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Author Topic: Radiator Mister  (Read 3718 times)
RJ
Former Giant Greenbrier Owner
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« Reply #30 on: April 30, 2012, 09:10:54 PM »

Gary -

Not condemming anyone, just pointing out simple things.  Butnuts are some of the most creative folk I've ever run into when it comes to solving problems, or should I say, overcoming various challenges - chassis & house both.

FYI, All of the coaches I drove over those years were stock, often fully loaded w/ passengers & luggage.  MCIs are the most notorious for overheating stock cooling systems in our hot SW deserts, stuff a "monster motor" in the tail w/o any other changes and it was a recipe for disaster.  And some charter bus operators tried just that - I even had to go out a couple of times to rescue their passengers.  Not a pretty sight when you've got 40 people stranded by the side of the road in the middle of the Mojave Desert.  The company I worked for had a strict policy that if you overheated and shut down due to driver negligence, you were headed to the unemployment office.  You learn quickly under those circumstances!

I think you'll agree that if you stuff a 454 big-block in a Chevette, you're going to have problems w/o a lot of modifications.  Extreme example, but you get the idea.  Even Geoff, whom I have tremendous respect for, admits that adding the additional load of his trailer/toad to his coach taxes the stock cooling system.  So solutions have to be sought, as has been done.

With the two-stroke Detroits, the sweet spot for pulling grades seems to be in the 1700 - 1900 rpm range on a partial throttle.  Running it on the governor with black smoke pouring out the tailpipe is guaranteed to overheat the beast.  The Series 60 has a sweet spot that's several hundred rpm lower - TomC probably knows the range and can chime in with the numbers.  The key?  "Partial throttle!"

I guess my major point is this:  Most busnuts overheat their coaches because they're pushing too hard for the conditions and not paying attention.  Otherwise known as my tongue-in-cheek comment about excessive weight in your right shoe.

Perhaps the above helps explain why I often talk about Aesop's Fable of the Tortoise and the Hare.  Buses are not hares, yet owners often try to drive them that way.  Those who do end up with various problems, asking for solutions.  Those who drive their coaches like a Tortoise, arrive unstressed, happy and ready to roll again next time.

FWIW & HTH. . .

 Wink


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RJ Long
PD4106-2784 No More
Fresno CA
TomC
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« Reply #31 on: April 30, 2012, 10:12:24 PM »

Yes the Series 60 sweet spot is lower in the rpm band.  Even though the maximum torque on a Series 60 is at 1200rpm, you want to be a bit higher around 1400 when pulling with a bit of pedal off the floor (I'm talking a 6% grade of more then 5 miles like the Grapevine, or west bound coming into Butte, MT).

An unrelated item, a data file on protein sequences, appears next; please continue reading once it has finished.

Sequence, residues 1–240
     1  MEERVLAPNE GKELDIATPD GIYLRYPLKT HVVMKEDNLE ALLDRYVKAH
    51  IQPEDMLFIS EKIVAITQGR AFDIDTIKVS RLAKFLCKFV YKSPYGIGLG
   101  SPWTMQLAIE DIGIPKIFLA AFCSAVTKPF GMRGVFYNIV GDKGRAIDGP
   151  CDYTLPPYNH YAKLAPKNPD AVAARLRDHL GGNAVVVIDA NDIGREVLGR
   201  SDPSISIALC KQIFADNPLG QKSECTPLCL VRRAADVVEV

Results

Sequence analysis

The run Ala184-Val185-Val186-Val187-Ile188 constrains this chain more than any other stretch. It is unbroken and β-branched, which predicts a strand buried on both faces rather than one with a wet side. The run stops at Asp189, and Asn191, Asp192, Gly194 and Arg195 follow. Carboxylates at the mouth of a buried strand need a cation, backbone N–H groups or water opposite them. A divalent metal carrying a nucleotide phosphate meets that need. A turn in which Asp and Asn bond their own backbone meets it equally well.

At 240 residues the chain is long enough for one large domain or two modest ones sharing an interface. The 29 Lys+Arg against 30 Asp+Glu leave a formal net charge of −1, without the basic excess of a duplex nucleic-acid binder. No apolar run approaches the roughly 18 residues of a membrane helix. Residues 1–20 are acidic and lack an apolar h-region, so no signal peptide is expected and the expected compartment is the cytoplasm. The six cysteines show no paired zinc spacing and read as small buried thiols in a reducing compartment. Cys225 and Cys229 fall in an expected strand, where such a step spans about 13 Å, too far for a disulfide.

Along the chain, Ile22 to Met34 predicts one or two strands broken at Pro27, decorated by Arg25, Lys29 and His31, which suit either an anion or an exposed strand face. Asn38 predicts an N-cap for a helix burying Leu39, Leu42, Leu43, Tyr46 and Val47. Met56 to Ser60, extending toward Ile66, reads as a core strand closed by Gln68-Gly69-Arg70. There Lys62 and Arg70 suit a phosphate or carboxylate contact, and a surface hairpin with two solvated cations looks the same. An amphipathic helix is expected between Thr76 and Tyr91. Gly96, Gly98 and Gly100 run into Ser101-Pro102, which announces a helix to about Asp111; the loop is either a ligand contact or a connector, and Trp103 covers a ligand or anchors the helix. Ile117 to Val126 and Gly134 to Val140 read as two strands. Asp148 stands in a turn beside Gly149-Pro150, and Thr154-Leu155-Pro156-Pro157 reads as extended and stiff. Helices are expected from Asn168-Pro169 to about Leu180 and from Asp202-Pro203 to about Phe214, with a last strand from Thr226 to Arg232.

On my 8V-71, I like running it in 1st gear with the torque converter locked up at 2100rpm for maximum coolant and fan action.  At 2100rpm, I'm at about 36mph-which is about the same speed as big rigs will pull a 6% grade at.  Good Luck, TomC
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Tom & Donna Christman. '77 AMGeneral 10240B; 8V-71TATAIC V730.
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« Reply #32 on: April 30, 2012, 11:40:09 PM »

Gee,the MCI7 barely has enough coolihg for a 8V-71 on a cool day, why I took all the  stock stuff out, both radiators, gear box fan assy, and installed a 4' X 6' stationary radiator that had recored with a girdle to keep the tubes inplace.
This was done for the 12V-71 setup, worked OK, until I did the twin turbo setup, that is when I found the home made mister system so beautiful for mountain games.
Best toy I ever had.
Dave
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MCI7 20+ Yrs
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WG4T CW for over 50 wpm for ever.
Central Virginia
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« Reply #33 on: May 01, 2012, 01:55:50 AM »


geoff put a mister on my MCI7, 8v92 auto, like he put on his when he rebuilt our engine. It works great now we can go up hills pulling our trailer without it over heating. I also go slow and keep the RPMs up. Dont care how fast I go up the hill as long as I go and do not overheat. Yes I had new radiators put in all leaks sealed and also a aux radiator built which is 24 inches wide 36 inches tall and two inches thick, it helped but the misters Geoff put it worked.
I live in central AZ across the mountain from Geoff so no matter where we go we have to climb long grades.
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Ed Van
MCI 7
Cornville, AZ
Scott Bennett
Scott & Heather MCI-9
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« Reply #34 on: May 01, 2012, 04:33:25 AM »

Just a quick side thought. It was mentioned to use reverse osmosis or distilled water for your mister system. Has anyone looked into the effects of this long term on aluminum radiator fins? RO or distilled water can at times be high acidity. So much so that I read an article that discussed ways to protect metal pipe against RO water corrosion in third world countries where water purification systems are being set up by troops. Just a thought. I personally want to install a mister and I have an on board RO system currently. Just want to be sure I'm not eating away at my fins. Something about removing all minerals from the water raises acidity and lowers pH.
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Scott & Heather
1984 MCI9 6V92-turbo with 9 inch roof raise & conversion in progress.
http://www.scottmichaelbennett.com/p/our-bus.html
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